Urban Homesteading: Growing Food on an Urban Farm

For those that think you need to have acres and acres of land to live off the grid, check out this family who grows 3 tons of organic food annually from only a 1/10 of an acre garden in the suburbs. They actually grow over 350 different kinds of vegetables, herbs, fruits and berries, and they feed the entire family with only food that comes from their small bit of land.

Dervaes urban farm

This family lives entirely off their little piece of land, and the whole family lives on under $30,000 a year. These are some really cool videos, and it shows how you can really survive without the so-called “modern conveniences.”

Dervaes Family Urban Farm in Pasadena, California

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  1. While they have goats, chickens, rabbits and such they made no mention of eating any meat. I don’t know if this was due to the focus of the story being on the gardening or a choice on the families part. Still very impressive effort. The living on $30k was a bit short sighted though considering the value of four adults working the gardens/animals full time needs to be considered at some level.

    I liked his compost pile also….cement bricks with gaps for air and for the enriched soil to spill through.

  2. Although we have several acres available for farming, we use maybe 1000 square feet for gardening. The rest is pasture for the milk goats, chickens, etc.

    An excellent video illustrating the potential of self-reliance with minimal resources in the suburbs. Enlightening.


  3. Come on join us!

    I have been an urban homesteader for about 25 years now. While my family still hold an outside jobs, we grow a lot of our own food. We have a garden, dwarf fruit trees, grapes, and berry bushes. We also raise chickens for eggs and meat, and have even raised our own meat rabbits. It is a very wonderful thing to put a meal on your table that came in it’s entirety from your own labor on your land.

    Our homestead is located in a large city as well. Just like the video shows a homestead can be beautiful and productive as well.

    I started my website to help others interested in learning how to homestead. Homesteading is much more than growing your own food – it is a mindset, a way of life. It doesn’t matter whether you live in the wild woods, on a farm, a suburban lot or in a city apartment… you too can be a homesteader!

    “Stop Dreaming About the Good Life and Start Living IT!”

  4. $30,000 a year, It must be expensive to live there! I live on 20K/year and buy everything…

    The fact that they can earn $30,000 from selling salads makes me drool!

  5. I grew up in the city of St. Louis. My mother was a sharecropper’s granddaughter so she knew a thing or two about growing veggies. We also grew things in our garden in the city. We grew corn, cucumber, tomatoes, cabbage and greens. We routinely grew so many tomatoes we had to give them away to neighbors. It is most certainly possible. However, my father never left his job to do though! I’m definitely inspired!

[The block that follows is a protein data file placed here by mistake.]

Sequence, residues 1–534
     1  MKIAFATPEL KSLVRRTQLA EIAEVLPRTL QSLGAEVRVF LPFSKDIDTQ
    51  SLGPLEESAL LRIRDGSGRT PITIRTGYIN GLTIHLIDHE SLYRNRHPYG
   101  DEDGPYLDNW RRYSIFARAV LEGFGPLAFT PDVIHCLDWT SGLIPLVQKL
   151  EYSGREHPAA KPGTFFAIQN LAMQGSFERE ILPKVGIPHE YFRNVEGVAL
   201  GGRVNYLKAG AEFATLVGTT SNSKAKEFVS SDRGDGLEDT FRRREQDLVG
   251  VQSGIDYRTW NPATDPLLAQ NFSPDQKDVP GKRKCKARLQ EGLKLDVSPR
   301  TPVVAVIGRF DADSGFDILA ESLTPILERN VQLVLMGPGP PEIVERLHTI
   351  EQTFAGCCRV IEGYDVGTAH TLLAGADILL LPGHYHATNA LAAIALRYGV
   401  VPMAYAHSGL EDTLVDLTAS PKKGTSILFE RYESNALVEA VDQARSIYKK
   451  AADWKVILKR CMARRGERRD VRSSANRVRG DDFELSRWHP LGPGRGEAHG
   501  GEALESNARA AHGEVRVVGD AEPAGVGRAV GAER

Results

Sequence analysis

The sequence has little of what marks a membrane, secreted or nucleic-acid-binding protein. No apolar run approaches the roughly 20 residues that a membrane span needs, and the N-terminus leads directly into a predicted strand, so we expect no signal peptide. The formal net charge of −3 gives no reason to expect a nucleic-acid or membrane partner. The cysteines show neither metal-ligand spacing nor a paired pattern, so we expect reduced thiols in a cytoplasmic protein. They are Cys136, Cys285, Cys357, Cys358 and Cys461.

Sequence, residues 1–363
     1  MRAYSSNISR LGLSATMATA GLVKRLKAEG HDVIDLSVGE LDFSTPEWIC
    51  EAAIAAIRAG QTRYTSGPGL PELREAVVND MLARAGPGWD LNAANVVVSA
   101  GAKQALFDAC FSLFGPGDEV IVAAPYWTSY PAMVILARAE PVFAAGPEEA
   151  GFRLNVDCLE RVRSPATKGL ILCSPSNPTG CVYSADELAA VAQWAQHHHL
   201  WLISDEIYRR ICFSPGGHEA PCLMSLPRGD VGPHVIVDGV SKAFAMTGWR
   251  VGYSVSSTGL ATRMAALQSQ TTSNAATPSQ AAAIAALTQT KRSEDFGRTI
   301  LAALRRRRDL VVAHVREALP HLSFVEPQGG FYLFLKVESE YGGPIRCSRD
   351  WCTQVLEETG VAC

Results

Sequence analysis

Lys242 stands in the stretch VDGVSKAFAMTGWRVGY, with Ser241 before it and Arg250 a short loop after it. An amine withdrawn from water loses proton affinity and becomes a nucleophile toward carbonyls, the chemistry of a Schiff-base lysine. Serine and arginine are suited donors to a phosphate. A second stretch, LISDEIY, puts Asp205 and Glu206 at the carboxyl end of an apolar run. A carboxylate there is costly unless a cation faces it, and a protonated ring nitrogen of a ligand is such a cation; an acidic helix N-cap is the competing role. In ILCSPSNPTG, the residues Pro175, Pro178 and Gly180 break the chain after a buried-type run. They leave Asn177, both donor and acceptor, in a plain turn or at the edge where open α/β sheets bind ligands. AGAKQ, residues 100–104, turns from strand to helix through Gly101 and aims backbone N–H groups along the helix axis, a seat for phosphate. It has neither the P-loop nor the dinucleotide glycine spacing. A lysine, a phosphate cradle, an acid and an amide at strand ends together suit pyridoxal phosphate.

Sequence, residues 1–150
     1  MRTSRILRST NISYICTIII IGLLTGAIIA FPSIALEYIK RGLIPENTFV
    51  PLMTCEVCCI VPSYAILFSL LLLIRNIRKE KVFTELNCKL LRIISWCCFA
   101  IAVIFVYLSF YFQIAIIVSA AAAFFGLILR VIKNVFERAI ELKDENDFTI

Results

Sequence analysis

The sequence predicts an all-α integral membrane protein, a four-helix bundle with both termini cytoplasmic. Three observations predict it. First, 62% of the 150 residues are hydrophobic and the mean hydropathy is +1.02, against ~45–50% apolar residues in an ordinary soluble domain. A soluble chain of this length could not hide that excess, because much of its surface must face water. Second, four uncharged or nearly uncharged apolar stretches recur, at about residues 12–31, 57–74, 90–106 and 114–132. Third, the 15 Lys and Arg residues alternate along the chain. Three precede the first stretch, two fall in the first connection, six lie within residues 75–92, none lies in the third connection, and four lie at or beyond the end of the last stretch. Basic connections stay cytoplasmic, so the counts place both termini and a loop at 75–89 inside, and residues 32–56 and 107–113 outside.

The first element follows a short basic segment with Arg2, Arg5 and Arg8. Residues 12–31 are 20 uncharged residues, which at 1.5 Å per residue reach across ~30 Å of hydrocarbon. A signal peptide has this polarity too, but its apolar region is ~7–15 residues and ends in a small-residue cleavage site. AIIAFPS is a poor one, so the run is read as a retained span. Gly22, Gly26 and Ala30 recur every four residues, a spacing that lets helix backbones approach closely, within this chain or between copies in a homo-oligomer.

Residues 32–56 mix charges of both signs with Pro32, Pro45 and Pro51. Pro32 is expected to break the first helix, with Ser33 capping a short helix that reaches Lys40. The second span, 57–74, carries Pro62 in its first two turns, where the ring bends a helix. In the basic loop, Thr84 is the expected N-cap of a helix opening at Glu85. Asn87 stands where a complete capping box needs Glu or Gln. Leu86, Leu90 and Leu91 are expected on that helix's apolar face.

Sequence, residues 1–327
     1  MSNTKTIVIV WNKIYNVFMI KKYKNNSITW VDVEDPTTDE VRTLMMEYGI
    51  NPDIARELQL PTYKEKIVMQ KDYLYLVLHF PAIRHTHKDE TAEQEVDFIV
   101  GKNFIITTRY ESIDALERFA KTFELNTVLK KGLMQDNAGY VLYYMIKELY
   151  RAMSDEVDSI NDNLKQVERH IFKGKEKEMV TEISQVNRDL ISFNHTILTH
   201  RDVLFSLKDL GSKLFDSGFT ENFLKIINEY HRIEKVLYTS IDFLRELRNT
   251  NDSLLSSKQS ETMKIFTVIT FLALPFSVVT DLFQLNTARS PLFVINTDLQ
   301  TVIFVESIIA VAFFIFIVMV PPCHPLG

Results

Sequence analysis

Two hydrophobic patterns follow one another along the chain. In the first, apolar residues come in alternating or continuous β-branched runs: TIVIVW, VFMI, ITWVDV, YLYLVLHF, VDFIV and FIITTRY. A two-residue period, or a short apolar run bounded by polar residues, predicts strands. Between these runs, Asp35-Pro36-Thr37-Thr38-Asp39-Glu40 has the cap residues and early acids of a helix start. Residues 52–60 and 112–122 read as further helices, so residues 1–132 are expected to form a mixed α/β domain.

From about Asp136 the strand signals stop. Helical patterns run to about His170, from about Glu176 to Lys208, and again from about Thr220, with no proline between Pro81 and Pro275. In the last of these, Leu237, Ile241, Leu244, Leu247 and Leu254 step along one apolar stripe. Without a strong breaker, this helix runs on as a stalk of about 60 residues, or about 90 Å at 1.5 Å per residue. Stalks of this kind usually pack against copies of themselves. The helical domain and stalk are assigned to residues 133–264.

6. Neal, they are vegetarians and have the animals for milk and eggs. Slaughter is usually not allowed in city limits and I notice many homesteaders are vegetarian or nearly so due to the cost and effort involved in raising most meat animals and distaste for slaughtering.

    I just started urban homesteading and it great to see the popularity on the rise :)

  7. I love this! I’m definitely going to share this video far and wide. It’s just so wholesome.

    I was wondering about the social aspect of the kids too and I really like how the Dad sees to it. What a guy!

  8. I’m a couple years late on this one, but it is amazing! Thanks for posting. So cool, and really quite inspiring to see what someone can do with so little by organizing so precisely.

  9. This is an outstanding video on how to live the way that used to be common knowledge a few decades ago. The hard part for many of us who would love to live this way is finding a way to get your own property. I would have started living this way years ago if I could afford to quit renting and was able to get a home loan. :o(

    For those who have a home of their own, this is a wonderful and revealing piece of media showing how to become even more independent of a government that insists on making their citizens dependent upon them. Bravo!

  10. My husband and I have traveled and lived off the grid on about $12,000 per year for three years now practicing a loose Vanabode lifestyle. It is totally doable.

  11. For those liking or concerned with a diet containg meat protein may consider insects. If we look at frugality and alternative lifestyles insects are easy to raise in large numbers in small areas, quite nutritious, and can be easily prepared in flavorful meals.

  12. very interesting. if they can do it on .2 acres i am game to try it on my 1.73 acres. and by the way, nathan, there is plenty of protein in veggies, i’ve been a vegetarian sense 1966 and never been healthier, you can have my share of insects.

  13. I love that all there plants are edible the one thing I think would make it even better would be yucca plant because its completely edible and the root can be used as soap

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